Valarmathi: The Voice Behind Chandrayaan-3 Countdown, Passes Away

Valarmathi: The Voice Behind Chandrayaan-3 Countdown, Passes Away

Several weeks after Valarmathi, the esteemed scientist from the Indian Space Research Organisation (ISRO), lent her voice to the unforgettable countdown of Chandrayaan-3, a mission that had sent shivers down the spines of every Indian, she tragically passed away from a cardiac arrest on a Sunday.

Valarmathi: The Voice Behind Chandrayaan-3 Countdown, Passes Away

Valarmathi had been known for her iconic voiceovers during rocket launches and spacecraft countdowns at Sriharikota in Andhra Pradesh. It was particularly poignant that her final contribution was the countdown for India’s third lunar mission, Chandrayaan-3, which was launched from the Satish Dhawan Space Centre in Sriharikota on July 14.

India, a country inhabited by 1.4 billion people, where the words and deeds of a chosen few etch themselves into the collective memory for eternity. Among this exclusive circle, you’ll find celebrities, politicians, sports icons, and yes, even scientists.

However, the launches of ISRO rockets shine particularly bright as iconic moments that bind the entire nation together, captivating millions who tune in to their television screens or devices to witness the live broadcast of these missions.

On August 23rd, the Lander Module (LM) of Chandrayaan-3, consisting of the Vikram lander and Pragyan rover, achieved a momentous milestone by making a successful touchdown on the lunar surface.

This remarkable achievement solidified India’s position as the fourth country to accomplish such a feat. Notably, this historic landing also made India the first nation to reach the previously unexplored south pole of Earth’s only natural satellite.

The Pragyan rover carries two vital instruments, namely the Alpha Particle X-ray Spectrometer (APXS) and the Laser-Induced Breakdown Spectroscope (LIBS). Currently, these instruments, responsible for relaying data to Earth through the lander, have been temporarily turned off.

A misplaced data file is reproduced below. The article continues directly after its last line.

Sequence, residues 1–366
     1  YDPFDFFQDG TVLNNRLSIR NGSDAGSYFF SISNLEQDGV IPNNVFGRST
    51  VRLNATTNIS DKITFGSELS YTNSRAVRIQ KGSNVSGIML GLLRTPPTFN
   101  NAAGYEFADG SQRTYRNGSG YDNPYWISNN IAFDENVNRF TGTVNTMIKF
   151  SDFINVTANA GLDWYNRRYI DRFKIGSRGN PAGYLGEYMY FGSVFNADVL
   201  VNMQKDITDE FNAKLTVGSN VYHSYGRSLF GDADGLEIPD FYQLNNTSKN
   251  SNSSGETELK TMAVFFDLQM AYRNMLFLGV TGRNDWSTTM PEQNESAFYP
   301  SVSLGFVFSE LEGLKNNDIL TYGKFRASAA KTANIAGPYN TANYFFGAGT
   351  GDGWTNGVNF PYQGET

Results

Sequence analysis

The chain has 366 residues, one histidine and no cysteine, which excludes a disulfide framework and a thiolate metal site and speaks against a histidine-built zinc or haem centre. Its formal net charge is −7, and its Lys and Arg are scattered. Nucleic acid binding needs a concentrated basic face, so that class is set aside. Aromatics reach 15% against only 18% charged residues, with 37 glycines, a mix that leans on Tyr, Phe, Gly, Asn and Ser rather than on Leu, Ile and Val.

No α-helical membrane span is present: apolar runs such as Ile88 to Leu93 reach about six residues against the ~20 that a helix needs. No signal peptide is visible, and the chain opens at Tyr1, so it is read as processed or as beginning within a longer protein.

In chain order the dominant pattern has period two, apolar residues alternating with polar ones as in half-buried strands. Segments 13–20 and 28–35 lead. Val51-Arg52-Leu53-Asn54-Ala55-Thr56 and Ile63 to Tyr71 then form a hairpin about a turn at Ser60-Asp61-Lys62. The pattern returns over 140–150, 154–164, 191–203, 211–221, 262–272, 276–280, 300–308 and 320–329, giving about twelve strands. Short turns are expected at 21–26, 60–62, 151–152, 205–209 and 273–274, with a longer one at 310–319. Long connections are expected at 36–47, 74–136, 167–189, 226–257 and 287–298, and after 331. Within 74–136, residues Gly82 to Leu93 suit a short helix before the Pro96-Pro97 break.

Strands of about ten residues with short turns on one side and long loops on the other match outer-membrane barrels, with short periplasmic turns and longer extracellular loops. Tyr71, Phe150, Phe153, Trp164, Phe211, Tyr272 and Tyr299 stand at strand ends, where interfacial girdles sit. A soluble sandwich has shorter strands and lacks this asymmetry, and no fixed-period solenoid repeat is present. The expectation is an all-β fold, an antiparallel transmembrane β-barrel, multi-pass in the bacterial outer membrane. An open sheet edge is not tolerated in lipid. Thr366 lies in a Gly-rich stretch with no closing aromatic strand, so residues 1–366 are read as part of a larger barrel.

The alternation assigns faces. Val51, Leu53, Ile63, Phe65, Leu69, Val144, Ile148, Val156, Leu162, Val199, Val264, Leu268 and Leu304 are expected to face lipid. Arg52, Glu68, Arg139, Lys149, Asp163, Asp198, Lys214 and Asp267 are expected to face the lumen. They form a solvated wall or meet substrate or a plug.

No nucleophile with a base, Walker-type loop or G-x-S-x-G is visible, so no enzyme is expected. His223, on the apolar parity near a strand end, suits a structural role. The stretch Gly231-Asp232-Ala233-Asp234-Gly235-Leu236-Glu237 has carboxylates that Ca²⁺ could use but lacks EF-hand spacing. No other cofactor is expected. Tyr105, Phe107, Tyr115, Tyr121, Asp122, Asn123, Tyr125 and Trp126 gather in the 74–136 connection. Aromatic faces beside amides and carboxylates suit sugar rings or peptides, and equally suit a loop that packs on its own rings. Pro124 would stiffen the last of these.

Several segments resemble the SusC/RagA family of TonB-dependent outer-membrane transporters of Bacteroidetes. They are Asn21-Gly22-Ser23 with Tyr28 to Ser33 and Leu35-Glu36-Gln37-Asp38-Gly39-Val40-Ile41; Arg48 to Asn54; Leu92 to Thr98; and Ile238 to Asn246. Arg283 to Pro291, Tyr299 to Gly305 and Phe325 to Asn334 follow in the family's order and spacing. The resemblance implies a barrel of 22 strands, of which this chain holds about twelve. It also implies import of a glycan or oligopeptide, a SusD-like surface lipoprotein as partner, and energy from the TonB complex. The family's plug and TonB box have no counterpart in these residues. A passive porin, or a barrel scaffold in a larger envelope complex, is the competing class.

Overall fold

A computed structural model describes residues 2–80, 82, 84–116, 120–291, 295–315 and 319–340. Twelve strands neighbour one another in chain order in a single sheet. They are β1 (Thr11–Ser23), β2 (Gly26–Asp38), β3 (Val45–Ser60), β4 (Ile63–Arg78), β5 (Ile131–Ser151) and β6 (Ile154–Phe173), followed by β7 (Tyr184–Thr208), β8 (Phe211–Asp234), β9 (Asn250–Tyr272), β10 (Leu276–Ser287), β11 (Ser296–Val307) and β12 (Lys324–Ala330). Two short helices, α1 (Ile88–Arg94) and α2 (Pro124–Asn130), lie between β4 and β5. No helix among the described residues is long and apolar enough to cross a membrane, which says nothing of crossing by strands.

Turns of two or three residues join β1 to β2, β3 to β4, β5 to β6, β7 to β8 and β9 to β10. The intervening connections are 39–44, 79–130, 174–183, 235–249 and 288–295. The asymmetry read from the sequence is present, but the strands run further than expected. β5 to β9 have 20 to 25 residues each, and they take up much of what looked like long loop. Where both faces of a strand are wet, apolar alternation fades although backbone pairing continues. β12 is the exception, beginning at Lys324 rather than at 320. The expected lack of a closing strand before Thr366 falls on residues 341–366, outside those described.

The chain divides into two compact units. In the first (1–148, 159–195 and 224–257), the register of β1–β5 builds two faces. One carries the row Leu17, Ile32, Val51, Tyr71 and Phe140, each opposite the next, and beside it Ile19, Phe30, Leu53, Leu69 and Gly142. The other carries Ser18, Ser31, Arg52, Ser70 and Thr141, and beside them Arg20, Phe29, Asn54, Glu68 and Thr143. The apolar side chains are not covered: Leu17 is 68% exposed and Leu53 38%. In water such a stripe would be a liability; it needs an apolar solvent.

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Both the Pragyan rover and the Vikram lander have been working tirelessly in close cooperation to gather invaluable scientific data. The APXS and LIBS payloads have been precisely designed for the thorough examination of the elemental and mineralogical makeup of lunar soil and rocks.

However, it’s essential to highlight the uncertainty surrounding the Pragyan rover’s fate. If it doesn’t reawaken successfully, it will remain on the Moon indefinitely, continuing to represent India as a lasting lunar ambassador.

Meanwhile, India achieved a successful launch of its ambitious solar mission, Aditya-L1, on September 2. The Indian Space Research Organisation (ISRO) reported on Sunday that the country’s inaugural solar mission is in excellent condition and performing according to expectations.

ISRO shared, “The first Earth-bound maneuver (EBN#1) was successfully executed from ISTRAC, Bengaluru. The new orbit achieved is 245 kilometers x 22,459 kilometers. The next maneuver (EBN#2) is scheduled for September 5, 2023, around 03:00 AM IST,” as posted on their official platform, formerly known as Twitter.

Final words

India’s first-ever solar mission, Aditya-L1, achieved a successful launch from Sriharikota on a Saturday. The Indian Space Research Organisation (ISRO) disclosed that Aditya-L1 is a groundbreaking space-based observatory created exclusively for the study of the sun.

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Following a voyage spanning roughly 1.5 million kilometers from Earth, encompassing 125 days, the spacecraft will be positioned in a halo orbit around Lagrange point L1, recognized as the closest point to the sun.

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